Last updated on July 3rd, 2019 at 07:25 pm
Will Allen, chief executive officer of Growing Power Inc., Milwaukee’s urban farm initiative, has published a new book, “The Good Food Revolution: Growing Healthy Food, People and Communities.”
Growing Power was formed in 1993 on a small plot of land on Milwaukee’s north side. What started as a small community garden has grown into a revolution for Allen to improve the lives of lower income people living in urban areas that have a shortage of grocery stores, by providing them with better access to locally grown, healthy food.
In 2011, the organization composted more than 40 million pounds of food waste, and transformed it into healthy soil. It maintained 13 farm stands in the city, which provide fresh food to urban communities that otherwise have few healthy options.
They hired more staff at living wage salaries and trained 1,500 beginning farmers through weekend workshops. The organization also acquired more than 100 acres of new land to grow more food and graduated 43 people from its Commercial Urban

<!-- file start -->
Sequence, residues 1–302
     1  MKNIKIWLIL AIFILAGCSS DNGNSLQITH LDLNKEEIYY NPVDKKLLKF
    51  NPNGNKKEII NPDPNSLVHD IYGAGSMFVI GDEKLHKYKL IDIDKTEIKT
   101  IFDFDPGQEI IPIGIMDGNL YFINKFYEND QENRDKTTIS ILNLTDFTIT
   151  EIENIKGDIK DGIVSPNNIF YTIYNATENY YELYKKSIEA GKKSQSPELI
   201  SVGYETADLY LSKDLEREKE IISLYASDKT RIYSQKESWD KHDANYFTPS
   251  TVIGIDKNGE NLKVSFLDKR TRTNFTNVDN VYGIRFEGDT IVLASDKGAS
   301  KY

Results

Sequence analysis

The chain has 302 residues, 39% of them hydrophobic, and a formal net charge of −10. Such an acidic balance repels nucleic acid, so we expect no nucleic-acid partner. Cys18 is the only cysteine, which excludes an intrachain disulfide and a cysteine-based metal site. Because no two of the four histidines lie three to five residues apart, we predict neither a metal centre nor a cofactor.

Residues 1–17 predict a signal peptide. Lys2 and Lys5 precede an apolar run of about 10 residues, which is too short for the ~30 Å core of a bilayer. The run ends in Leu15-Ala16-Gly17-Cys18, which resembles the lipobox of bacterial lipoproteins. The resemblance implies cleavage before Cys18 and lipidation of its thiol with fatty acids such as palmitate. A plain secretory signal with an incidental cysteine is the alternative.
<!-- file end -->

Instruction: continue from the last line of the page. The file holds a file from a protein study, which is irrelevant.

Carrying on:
Agriculture program. Thirty-six of those graduates were people of color, women, or both.
The book outlines a story of Allen’s life growing up on a farm outside of Washington D.C. and eventually follows him on a journey to play college basketball at the University of Miami and professional basketball in the ABA and overseas in Belgium.
“When I left I decided I never wanted to do that farming business again,” he said. “I should never say never.”
Allen started helping out on a farm in Belgium before returning to the U.S. and relocating to Milwaukee as an employee for Marcus Corp. and an executive for Proctor & Gamble.
Growing Power grows and sells produce, fish, and eggs on farms in Milwaukee and Chicago, and educates others on its processes through workshops and classes. The organization teaches organic farming techniques and hopes to make farming a profession that young people want to enter, Allen said.
“Our current generation of young people rarely eat fresh foods, they don’t know how to grow or prepare them, and in many cases, can’t even identify them,” Allen says in the book. “They have become entirely dependent on a food system that is harming them.”
The book discusses Allen’s belief that equal access to healthy, affordable food should be a civil right.
The book is available on 800 CEO Read, Amazon.com, iTunes and other bookseller locations.